Caught in the rush of fortune seekers was an 18-year-old Swede named Otto
Sjöström. Like more than 46,000 of his countrymen, Sjöström left behind the failed
crops and perils of his homeland in the mass exodus of 1887. He set sail through
the port of Malmo, landed at New York and shortened his name to Strom.
Strom met his brother John who’d already traveled to America. Their journey west
led them to Grays Harbor City, a short-lived boomtown near Hoquiam on the
“A beautiful picture of a large sawmill was part of the bait. That
mill did not exist. Lots were being sold from maps and pictures
all over the Northwest,” Strom remembered.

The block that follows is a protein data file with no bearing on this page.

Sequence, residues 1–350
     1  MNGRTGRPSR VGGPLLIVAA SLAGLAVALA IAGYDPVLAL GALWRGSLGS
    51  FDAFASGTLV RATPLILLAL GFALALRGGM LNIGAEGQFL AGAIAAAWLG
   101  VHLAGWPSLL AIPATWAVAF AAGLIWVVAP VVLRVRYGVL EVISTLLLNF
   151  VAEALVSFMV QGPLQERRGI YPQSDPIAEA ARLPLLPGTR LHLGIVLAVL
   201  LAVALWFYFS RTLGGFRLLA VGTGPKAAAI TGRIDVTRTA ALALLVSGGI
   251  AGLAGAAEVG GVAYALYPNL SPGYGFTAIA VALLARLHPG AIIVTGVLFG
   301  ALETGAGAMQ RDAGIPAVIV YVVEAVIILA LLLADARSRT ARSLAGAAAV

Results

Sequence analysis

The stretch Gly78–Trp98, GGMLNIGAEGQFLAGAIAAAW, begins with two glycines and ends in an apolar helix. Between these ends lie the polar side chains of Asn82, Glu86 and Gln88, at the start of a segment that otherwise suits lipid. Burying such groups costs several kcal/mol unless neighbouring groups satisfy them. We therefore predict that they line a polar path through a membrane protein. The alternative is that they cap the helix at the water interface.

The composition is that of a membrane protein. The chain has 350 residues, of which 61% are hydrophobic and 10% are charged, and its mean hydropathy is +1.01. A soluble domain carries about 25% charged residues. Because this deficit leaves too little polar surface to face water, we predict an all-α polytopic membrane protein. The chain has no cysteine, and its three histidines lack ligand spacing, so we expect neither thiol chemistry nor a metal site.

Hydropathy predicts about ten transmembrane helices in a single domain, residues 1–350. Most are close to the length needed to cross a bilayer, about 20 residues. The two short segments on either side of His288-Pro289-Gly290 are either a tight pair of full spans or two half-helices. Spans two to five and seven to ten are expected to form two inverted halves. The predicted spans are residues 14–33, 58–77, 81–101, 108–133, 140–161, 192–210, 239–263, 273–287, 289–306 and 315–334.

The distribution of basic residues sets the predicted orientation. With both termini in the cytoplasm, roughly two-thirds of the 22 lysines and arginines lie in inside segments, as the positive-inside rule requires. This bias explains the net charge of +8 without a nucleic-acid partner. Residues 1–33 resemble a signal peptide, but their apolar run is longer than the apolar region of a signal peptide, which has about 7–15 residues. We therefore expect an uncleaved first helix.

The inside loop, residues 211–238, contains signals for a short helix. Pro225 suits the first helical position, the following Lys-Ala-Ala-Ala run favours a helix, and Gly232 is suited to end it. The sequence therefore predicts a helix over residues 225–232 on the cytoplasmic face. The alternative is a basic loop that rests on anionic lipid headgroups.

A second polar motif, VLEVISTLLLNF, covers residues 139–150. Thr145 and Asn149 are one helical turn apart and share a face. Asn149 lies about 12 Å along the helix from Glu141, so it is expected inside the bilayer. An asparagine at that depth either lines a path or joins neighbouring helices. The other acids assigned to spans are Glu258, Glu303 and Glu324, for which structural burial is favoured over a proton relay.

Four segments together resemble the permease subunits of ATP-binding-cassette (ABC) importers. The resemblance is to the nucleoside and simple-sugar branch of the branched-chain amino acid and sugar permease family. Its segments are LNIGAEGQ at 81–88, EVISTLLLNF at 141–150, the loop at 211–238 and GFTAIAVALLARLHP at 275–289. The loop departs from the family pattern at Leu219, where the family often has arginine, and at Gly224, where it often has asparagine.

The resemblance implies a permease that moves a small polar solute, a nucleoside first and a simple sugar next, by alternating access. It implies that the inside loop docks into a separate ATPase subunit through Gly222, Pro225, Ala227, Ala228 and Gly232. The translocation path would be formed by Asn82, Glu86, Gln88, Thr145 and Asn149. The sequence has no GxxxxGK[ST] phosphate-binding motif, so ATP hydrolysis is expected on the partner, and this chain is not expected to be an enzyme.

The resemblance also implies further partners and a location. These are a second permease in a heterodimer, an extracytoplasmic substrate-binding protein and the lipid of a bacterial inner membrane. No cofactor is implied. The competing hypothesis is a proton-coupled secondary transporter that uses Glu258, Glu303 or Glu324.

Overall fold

Strom pushed on alone and became one of the first Whites to settle the banks of
the Hoh River. “I have had lots of experiences with Indians all through these parts,
but all of them pleasant,” he said. Strom married Mary Fisher, a Hoh River Indian,
and became one of the only Whites ever adopted by the Quinault Nation.
Strom left his mark as a seasoned blacksmith and a builder. “I helped develop what
there is of Hoh River and Taholah communities. I blazed the first trail between Hoh
and Bogachiel. The present bridge over the Hoh River is located on my trail.” More
than 125 years later, you can still find Strom’s legacy in the community of Taholah’s
historic homes and in the generations of his living descendants.